As the Fourth Quarter nears its close, brand marketers will be reflecting on their successes and failures over the past year. Some will have overachieved and others will invent excuses. I always enjoy the debate when a marketer, often seeking an excuse for poor brand performance, will cite that his or her category is “low-involvement.” The argument generally centers on the perceived difficulty in connecting with a target consumer who is too busy or distracted by more enticing product offerings to pay any mind to their category, let alone their brand. Certainly, there are more captivating forms of entertainment than the typical digital banner or print ad, but I’m not buying the low-involvement category argument at all.

There are plenty of examples of brands that have found engaging ways to connect with consumers, despite living in categories that don’t tend to leap into casual conversation at cocktail parties. All it takes is three key ingredients:

  1. a meaningful consumer insight
  2. a relevant brand benefit
  3. a compelling narrative

Just ask the little, green lizard informing us “15-minutes could save us 15% or more on car insurance.” Few product categories are as dry as insurance, but it is a huge industry where brands must differentiate to drive preference and enrollment. GEICO gets it; they have a clear brand benefit – saving 15% or more on car insurance. They have a meaningful consumer insight – it’s a pain to switch insurance, but if it only takes 15 minutes, then it could be worth it. As for narrative, they’ve found numerous, humorous ways to tell the story so that it remains fresh, whether through the Gecko, cavemen, and all the other executions that have captured our attention. In fact, GEICO’s ads are so entertaining and camp that the brand has offered mobile ringtones and wallpapers for their biggest brand fans. And they have forced their competitors to invest in highly engaging campaigns of their own, all while selling insurance.

Another brand with a long history of doing this brilliantly is Axe. Although the brand now offers body wash and hair care products, it began its life as a deodorant spray. Certainly, deodorant was not a category that garnered a tremendous amount of discussion, debate or interest beyond the basic needs of personal hygiene. The impressive growth of the Axe brand is due to its ability to transcend the typical category benefits of reducing odor and wetness by connecting deeply with young men striving for sexual confidence and offering them an exciting brand benefit – the Axe effect – in highly engaging, humorous, often irreverent ways.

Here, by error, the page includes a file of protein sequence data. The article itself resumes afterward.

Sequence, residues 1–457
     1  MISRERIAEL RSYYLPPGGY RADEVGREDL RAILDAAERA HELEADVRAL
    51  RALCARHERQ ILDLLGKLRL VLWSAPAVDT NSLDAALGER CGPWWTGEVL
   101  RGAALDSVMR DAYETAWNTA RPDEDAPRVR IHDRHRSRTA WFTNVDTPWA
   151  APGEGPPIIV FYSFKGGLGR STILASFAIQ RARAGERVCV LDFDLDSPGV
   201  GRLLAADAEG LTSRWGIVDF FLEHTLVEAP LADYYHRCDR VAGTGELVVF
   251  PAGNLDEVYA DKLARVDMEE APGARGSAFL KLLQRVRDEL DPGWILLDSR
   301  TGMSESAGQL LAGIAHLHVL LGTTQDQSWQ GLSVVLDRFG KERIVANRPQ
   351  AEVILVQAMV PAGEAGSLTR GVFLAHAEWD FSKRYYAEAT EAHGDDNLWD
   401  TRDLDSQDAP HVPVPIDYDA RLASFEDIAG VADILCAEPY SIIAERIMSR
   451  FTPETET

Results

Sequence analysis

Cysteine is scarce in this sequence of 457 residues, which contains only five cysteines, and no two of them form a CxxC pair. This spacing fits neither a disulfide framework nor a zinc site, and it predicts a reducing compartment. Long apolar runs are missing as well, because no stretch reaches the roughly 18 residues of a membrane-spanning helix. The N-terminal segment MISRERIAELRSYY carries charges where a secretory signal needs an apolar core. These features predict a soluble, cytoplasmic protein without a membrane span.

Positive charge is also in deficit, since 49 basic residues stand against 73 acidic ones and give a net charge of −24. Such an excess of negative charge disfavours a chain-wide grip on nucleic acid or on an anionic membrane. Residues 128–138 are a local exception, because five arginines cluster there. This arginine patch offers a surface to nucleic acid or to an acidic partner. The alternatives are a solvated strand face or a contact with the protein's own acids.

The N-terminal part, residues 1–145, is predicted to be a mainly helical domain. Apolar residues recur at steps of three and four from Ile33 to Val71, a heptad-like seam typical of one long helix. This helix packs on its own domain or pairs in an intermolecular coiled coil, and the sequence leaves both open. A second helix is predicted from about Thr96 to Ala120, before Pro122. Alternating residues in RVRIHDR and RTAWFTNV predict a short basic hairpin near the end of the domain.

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While GEICO and Axe both use humor in their marketing communication, this is not the magic bullet for driving brand engagement. Many brands have found successful routes to break through the clutter and reach people without trying to be funny. To illustrate perhaps the farthest end of the spectrum this summer’s biggest viral phenomenon, the ALS Ice Bucket Challenge, raised over $100 million in donations to the ALS Association. Perhaps equally as important is the awareness generated by the social media campaign. With over 17 million social media uploads and millions of first-time donors, the increase in awareness both of the disease (amyotrophic lateral sclerosis) and the charity (The ALS Association) has been impressive.

While no one would claim that this work is low-involvement, the fact remains that there are many worthy charitable organizations competing for resources and often ones tied to current events, such as natural disasters, garner the headlines and stimulate engagement. The ALS Association was successful not because the disease had taken on some new meaning, but rather because the campaign delivered on our three key ingredients. Through social media, the Ice Bucket Challenge enabled people to gain fame (to the extent of their own circle) without ego, but rather through something altruistic, even a tad heroic. This provided a wonderful benefit with a narrative as compelling as your own creativity.

What ties GEICO, Axe and ALS together is the winning formula of three key ingredients: a meaningful consumer insight, a desired brand benefit, and a compelling narrative. These things drive brands to connect with consumers, no matter what product category they live in – evidence that, in fact, every category can be “high-involvement” if marketers mix the right elements together in an inspiring way.

Image: Jeff Sheldon